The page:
Ice is slippery when it isn't too far below it's melting point because the surface molecules are less loosely bound than the bulk and form a thin liquid layer.

Pressure melting is a much smaller effect since it takes about 10 MPa of pressure per degree below freezing, which is more than ice skates can apply.

Presumably this "edge effect" isn't unique to water. Gallium at 20C (melting point about 30C) should also have such a surface layer. But most metals oxidize if exposed to air and/or water, forming an oxide layer which (for low-melting metals) melts at much higher temperatures. But if gallium at 20C is placed in argon and the oxide layer is removed, would the underlying metal feel slippery to a gloved hand?

  • $\begingroup$ Gallium has a strong tendency to supercool, so... it would likely be fully liquid. $\endgroup$
    – Mithoron
    Commented Jul 11, 2023 at 22:29
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    $\begingroup$ @Mithron: If melted in the first place yes, but if it is warmed from a cold temperature or given a seed crystal it won't be liquid below 29.7C. $\endgroup$ Commented Jul 11, 2023 at 22:37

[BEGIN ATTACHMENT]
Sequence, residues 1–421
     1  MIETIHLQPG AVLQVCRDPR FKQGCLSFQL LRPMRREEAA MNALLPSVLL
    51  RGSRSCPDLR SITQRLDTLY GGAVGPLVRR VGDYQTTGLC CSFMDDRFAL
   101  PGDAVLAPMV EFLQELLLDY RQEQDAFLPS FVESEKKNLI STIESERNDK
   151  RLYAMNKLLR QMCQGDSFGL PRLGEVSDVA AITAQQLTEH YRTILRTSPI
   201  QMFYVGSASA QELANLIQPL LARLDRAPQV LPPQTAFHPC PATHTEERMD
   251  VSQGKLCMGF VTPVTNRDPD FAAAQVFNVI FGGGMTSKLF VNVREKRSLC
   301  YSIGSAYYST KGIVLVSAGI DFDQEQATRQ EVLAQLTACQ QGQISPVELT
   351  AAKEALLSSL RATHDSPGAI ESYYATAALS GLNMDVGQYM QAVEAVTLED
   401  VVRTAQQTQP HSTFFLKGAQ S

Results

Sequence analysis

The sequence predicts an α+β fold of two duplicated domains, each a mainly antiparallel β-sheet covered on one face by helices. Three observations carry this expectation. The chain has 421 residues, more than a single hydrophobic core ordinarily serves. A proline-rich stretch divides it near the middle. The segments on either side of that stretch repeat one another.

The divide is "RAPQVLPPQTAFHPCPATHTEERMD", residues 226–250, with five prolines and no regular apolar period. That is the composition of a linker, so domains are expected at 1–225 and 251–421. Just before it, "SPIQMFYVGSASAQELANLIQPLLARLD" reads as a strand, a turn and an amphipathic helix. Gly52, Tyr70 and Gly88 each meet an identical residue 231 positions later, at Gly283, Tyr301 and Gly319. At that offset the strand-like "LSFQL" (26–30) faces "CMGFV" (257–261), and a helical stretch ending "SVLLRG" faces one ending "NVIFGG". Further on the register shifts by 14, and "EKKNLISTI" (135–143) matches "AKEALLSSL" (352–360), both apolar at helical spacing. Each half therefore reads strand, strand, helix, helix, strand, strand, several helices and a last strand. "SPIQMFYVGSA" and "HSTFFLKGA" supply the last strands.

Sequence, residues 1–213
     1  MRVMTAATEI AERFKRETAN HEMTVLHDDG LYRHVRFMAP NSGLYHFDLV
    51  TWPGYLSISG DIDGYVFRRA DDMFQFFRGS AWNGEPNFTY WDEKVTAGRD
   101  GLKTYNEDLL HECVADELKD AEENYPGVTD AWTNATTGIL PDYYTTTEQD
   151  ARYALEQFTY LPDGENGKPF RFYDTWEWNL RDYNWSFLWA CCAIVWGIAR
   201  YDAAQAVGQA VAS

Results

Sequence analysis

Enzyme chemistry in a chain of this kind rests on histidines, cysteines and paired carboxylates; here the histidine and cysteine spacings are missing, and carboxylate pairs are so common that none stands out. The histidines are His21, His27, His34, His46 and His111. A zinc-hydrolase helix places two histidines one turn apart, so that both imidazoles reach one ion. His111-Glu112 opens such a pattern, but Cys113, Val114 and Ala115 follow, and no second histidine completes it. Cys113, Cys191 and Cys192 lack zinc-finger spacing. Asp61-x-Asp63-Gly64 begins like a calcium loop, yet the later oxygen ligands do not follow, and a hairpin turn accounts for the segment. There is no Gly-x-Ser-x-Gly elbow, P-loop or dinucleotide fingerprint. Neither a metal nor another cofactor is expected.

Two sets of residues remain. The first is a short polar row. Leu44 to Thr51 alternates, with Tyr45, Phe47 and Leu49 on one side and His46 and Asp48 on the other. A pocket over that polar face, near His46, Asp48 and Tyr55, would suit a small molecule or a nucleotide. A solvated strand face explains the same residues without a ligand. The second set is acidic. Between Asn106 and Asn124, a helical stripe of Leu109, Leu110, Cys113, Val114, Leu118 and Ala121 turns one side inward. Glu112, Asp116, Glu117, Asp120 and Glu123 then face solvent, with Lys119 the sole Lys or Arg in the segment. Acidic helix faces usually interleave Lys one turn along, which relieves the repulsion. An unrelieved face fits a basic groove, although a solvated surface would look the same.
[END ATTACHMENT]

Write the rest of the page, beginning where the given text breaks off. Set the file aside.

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    $\begingroup$ My instinct is that this surface disorder effect is more important for water than for gallium, since the water molecule and the way it packs is more complex than the gallium atoms. What this ultimately would entail, though, I don't know. Surface kinetics/thermodynamics sure can get messy... $\endgroup$ Commented Jul 12, 2023 at 11:40


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